I lay awake ready to explore the cosmic oceans of the subconscious, which is to say, the eyelids were heavy with welcoming drowsiness, but blessed sleep was momentarily elusive.
The infection in my eye was throbbing, and had morphed into a dull headache. A trip to the city earlier in the day had tuckered me out more than I cared to admit, and an over-tired body can take some time falling asleep.
The quick trip to the city had also rekindled some familiar feelings. Some things never seemed to change. The city with its trembling lights, its massive office buildings, the scores of people rushing, rushing towards something, nothing. Life felt long, unchanging, and yet, distressingly tumultuous all at once.
I stopped to take pulse – the anxious rush of traffic, the speed with which one needed to act and react on the streets, the cacophony of ambulances and traffic, and the frenzied pace were one thing. Colleagues who had moved out of the geographic location, colleagues who had moved on was quite another. The memory of a colleague who had succumbed to cancer a few weeks prior: another good human being whose companionship and solid good sense I missed.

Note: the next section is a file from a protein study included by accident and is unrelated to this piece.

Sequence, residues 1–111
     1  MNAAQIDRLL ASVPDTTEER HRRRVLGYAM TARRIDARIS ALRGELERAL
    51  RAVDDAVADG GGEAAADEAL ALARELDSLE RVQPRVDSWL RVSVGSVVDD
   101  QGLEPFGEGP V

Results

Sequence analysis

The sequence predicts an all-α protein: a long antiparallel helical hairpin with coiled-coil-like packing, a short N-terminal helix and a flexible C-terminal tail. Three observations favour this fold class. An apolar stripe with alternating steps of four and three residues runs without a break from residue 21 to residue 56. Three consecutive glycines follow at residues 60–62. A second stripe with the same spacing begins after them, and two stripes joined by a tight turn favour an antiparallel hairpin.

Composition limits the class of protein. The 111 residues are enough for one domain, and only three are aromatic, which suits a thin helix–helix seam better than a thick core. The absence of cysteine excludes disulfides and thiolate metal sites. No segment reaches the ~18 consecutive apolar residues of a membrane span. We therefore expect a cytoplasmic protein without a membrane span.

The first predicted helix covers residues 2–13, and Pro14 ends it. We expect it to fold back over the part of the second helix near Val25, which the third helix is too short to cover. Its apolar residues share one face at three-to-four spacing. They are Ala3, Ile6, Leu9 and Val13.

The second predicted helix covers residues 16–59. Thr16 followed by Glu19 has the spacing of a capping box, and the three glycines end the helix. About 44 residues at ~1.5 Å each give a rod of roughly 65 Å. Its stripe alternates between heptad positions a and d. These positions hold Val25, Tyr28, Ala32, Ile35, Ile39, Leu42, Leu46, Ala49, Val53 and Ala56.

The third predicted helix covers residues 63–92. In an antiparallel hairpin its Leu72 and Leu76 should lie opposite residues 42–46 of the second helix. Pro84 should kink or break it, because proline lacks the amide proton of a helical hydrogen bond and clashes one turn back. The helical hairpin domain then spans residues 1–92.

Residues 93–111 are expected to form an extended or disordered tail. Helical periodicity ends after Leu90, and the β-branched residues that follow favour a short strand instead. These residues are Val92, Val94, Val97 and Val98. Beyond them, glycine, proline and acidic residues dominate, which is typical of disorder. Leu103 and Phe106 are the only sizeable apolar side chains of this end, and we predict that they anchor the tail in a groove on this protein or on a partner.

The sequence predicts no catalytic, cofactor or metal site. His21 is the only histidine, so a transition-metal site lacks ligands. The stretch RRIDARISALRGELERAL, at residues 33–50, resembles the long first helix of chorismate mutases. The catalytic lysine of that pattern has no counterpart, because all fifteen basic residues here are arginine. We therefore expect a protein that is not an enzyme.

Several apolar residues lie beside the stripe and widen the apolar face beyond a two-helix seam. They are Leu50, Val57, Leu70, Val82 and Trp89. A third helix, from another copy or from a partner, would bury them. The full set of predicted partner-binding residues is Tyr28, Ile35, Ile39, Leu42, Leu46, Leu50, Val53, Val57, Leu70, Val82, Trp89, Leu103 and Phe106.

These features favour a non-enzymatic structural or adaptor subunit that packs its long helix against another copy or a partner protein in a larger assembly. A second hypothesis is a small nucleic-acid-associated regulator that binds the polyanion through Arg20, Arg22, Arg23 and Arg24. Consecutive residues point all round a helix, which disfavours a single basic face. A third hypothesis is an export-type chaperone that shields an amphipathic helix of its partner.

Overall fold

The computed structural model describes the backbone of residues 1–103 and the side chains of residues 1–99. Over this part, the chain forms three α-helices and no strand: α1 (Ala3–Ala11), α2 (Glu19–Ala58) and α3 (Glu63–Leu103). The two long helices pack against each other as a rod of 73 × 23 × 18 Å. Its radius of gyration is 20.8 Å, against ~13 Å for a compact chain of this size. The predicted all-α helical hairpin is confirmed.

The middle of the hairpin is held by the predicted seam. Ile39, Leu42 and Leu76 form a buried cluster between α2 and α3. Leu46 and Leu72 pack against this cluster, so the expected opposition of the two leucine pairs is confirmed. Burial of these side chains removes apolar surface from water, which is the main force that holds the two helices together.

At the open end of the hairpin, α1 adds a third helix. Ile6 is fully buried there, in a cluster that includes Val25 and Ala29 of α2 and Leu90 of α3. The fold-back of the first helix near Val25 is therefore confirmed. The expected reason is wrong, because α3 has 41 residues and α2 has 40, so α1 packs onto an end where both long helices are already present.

How could time feel swift and still at the same time?
How can our ephemerality coincide with that sense of life being long and varied?
“We are like butterflies who flutter for a day and think it is forever.”― Carl Sagan, Cosmos
Every moment plucked like a strand from a whirlwind, and yet, every person’s appreciation of the whirlwind was their own. Life seemed meaningless and meaningful in spots of flashing clarity in the confusing overwhelm of the day.
I tried to sleep that night – back in the quiet of our suburban home. I couldn’t, and took to moon-watching instead. The moon had risen – the same moon that rose over the Sierra Nevada mountains – unmoving, majestic; the oceans – calm and serene; the vast plains of the desert – cactii-laden amidst multi-hued rocks and sands; the coastal regions – the sandy shores and the redwood forests reaching up to eternity; and the bustling city all at the same time.
The Japanese have a beautiful word for moon-watching:
Tsukimi (月見) or Otsukimi (お月見), meaning, “moon-viewing”, also known as Jugoya (十五夜), are Japanese festivals honoring the autumn moon, a variant of the Mid-Autumn Festival.
Time and Space in the physical realm invites us to think of Being in the meta-physical sense. The land of dreams beckoned again, and I went to bed – grateful for the quiet solitude of the night, the calming nature of moonlit thoughts and blessed sleep.
The sun will rise bringing with it a whole new perspective.